necessary changes for EU membership within ten years -- the
length of time most observers expect accession negotiations
would last.

5. (SBU) The SPD's Ozan Ceyhun (the only German MEP with a
Turkish background) blamed the CDU for creating the
impression that Germans are voting on Turkey's EU membership
in the upcoming European elections. Ceyhun dubbed the CDU's
"privileged partnership" a "trick to keep Turkey out." He
emphasized that negotiations with Turkey had to be
accelerated to curb growing frustration and to make Turkey a
role model for the rest of the Muslim world. Participants
expressed strong support for Ceyhun, but some criticized
Interior Minister (and SPD member) Otto Schily's hard-line
stance on German immigration as well as a recent comment
attributed to (and denied by) Turkish-born SPD candidate
Vugal Oeger that "Turkish women will accomplish today what
Turkey could not 400 years ago" (i.e., a high birth rate
will allow today's Turks to "conquer" Europe, something that
the Ottomans failed to do in the 17th century).

6. (SBU) Greens representative Heide Ruehle delivered the
most well-received statement in favor of Turkey's EU
membership. Because of CDU "demagoguery", she said, 80
percent of the German population wrongly thinks negotiations
on EU membership will start soon after the elections, when
in fact all that will be decided this year is whether or not
to open negotiations -- and, if so, when. (Comment: Her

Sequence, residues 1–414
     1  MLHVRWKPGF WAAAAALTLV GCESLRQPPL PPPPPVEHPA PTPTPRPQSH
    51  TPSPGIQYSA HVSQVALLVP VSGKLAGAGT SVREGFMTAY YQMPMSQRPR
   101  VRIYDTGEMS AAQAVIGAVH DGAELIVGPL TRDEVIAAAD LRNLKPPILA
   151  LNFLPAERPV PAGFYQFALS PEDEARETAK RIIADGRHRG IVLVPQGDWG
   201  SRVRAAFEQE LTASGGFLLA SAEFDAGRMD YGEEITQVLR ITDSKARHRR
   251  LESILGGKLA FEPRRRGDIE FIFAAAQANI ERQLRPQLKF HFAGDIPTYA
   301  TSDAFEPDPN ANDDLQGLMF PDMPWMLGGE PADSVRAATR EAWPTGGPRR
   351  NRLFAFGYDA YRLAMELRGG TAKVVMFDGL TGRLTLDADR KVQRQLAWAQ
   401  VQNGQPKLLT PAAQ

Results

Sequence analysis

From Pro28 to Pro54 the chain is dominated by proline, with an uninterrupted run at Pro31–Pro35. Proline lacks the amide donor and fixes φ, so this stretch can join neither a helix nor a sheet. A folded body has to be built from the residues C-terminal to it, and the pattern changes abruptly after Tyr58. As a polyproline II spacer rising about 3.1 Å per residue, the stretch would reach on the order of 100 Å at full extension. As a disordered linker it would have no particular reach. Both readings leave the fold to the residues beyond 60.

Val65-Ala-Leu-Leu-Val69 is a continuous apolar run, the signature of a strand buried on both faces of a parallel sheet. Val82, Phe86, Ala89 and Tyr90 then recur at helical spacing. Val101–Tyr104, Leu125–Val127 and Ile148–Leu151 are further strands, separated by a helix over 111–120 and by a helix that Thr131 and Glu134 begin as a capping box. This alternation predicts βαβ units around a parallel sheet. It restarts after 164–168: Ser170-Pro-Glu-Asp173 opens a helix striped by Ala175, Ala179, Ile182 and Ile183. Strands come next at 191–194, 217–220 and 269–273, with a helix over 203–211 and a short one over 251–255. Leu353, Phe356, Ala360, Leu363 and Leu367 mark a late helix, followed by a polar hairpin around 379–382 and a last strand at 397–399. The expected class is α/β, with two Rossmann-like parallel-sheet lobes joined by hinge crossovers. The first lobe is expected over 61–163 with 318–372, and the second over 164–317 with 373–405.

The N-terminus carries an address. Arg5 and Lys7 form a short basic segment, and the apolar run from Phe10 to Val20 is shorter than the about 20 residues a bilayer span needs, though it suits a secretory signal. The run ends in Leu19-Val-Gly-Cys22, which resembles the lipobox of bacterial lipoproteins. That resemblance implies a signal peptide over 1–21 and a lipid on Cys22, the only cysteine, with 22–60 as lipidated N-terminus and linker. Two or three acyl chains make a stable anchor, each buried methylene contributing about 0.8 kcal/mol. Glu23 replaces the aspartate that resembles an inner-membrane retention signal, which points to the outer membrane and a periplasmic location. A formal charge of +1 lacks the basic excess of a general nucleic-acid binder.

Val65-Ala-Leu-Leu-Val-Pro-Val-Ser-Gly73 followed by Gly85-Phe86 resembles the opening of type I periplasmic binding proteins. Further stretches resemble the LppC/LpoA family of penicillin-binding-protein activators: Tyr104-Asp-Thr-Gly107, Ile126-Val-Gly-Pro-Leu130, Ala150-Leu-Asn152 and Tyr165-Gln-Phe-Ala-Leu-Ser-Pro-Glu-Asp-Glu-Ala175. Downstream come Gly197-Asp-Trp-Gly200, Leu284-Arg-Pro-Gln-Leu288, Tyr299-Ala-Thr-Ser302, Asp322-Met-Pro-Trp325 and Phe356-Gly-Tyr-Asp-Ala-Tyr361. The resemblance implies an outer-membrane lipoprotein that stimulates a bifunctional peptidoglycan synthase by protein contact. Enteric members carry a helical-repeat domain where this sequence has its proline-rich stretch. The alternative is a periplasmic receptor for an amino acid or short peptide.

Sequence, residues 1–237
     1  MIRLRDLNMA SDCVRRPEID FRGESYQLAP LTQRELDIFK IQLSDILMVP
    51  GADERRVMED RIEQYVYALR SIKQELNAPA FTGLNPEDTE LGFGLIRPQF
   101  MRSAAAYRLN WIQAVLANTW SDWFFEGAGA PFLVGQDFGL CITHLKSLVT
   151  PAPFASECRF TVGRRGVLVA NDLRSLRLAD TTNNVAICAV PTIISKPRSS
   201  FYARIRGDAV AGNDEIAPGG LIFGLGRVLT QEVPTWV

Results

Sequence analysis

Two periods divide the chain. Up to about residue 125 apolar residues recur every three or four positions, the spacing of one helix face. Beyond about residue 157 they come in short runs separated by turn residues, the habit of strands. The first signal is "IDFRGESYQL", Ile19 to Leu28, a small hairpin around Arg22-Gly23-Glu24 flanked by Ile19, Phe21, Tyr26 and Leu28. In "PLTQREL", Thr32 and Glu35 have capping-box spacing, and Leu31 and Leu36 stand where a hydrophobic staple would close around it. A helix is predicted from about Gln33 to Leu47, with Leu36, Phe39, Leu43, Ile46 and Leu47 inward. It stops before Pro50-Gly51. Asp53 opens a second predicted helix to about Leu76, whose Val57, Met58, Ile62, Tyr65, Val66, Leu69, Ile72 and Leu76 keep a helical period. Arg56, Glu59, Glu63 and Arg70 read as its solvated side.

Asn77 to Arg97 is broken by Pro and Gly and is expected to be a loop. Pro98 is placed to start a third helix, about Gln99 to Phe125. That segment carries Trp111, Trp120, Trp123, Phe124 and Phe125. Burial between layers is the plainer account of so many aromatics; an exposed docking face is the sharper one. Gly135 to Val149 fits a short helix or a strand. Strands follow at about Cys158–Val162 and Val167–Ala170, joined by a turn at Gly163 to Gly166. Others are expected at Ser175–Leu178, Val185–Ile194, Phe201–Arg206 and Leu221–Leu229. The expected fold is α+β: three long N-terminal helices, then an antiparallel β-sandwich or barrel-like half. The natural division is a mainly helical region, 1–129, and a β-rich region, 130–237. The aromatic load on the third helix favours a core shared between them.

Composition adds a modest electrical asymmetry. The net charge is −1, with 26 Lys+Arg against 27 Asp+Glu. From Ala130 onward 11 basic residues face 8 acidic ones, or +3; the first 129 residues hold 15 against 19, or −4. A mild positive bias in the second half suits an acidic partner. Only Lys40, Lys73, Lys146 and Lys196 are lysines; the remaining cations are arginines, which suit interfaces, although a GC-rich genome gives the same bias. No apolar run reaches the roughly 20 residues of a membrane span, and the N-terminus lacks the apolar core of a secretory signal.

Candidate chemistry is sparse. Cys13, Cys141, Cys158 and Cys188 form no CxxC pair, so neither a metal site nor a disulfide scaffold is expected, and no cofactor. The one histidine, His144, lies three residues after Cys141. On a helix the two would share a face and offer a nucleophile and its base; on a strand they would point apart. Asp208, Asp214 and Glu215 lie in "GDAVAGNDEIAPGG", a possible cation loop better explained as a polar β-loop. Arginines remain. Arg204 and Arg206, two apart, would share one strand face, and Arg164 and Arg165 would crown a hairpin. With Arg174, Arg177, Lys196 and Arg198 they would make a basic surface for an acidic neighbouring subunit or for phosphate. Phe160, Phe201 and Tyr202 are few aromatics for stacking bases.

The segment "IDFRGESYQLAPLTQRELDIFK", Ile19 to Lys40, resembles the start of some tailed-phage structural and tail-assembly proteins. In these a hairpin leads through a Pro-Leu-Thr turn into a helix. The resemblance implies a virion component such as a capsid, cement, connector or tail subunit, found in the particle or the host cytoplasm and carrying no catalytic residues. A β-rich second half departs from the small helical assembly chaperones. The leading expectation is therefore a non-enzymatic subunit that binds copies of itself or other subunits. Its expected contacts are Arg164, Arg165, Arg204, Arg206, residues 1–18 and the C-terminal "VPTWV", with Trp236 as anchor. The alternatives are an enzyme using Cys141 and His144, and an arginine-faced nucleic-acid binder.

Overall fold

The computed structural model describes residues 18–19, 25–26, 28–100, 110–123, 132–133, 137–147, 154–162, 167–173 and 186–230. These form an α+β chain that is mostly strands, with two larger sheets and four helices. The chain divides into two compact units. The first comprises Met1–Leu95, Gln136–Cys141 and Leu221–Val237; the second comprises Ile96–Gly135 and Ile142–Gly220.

point is a bit disingenuous, given that the EU pledged in
December 2002 that a positive decision on opening
negotiations would be followed by the start of talks
"without delay" -- most likely in the first half of 2005.
End Comment.) She called the privileged partnership
"something we already have" and noted that, from a security
standpoint, delaying negotiations could destabilize Turkey.
Turning to Turkey's responsibilities, Ruehle called upon the
Turkish government to strengthen reforms in agriculture,
education, and the fight against corruption.

7. (SBU) FDP representative Kerstin Laabs noted that Turkey
had made significant progress in fulfilling the EU's
membership criteria. He stressed the cultural importance of
Turkey's accession to the EU, saying that Turkey's
membership could be a role model for peaceful cooperation
between Christians and Muslims.

8. (SBU) COMMENT: Although three of Germany's four major
parties support EU membership for Turkey, audience reaction
at the conference centered on the CDU's continued
resistance. Most participants portrayed the CDU's reasons
for opposition as pretexts for a party that still does not
believe that Turkey is really part of Europe. Germany's
Turkish community worries that the CDU's rising national
popularity and continuing difficulties for the SPD could
mean a change of government following Germany's 2006
national elections and a resulting loss of German support
for Turkish EU membership. While nothing new was said at
the convention, the audience's pointed commentary highlights
a Turkish community in Germany increasingly anxious about
Turkey's future within the EU. END COMMENT.

BODDE